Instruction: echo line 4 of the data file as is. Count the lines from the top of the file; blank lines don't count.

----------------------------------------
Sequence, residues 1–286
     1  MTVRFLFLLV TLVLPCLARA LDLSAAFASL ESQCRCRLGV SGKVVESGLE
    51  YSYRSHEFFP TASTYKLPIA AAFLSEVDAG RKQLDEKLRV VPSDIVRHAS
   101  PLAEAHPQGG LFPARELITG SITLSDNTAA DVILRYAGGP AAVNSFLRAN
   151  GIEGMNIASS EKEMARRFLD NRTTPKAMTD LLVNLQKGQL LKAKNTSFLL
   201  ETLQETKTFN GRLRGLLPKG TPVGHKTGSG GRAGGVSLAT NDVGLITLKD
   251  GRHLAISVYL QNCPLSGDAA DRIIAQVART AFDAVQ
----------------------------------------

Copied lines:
   101  PLAEAHPQGG LFPARELITG SITLSDNTAA DVILRYAGGP AAVNSFLRAN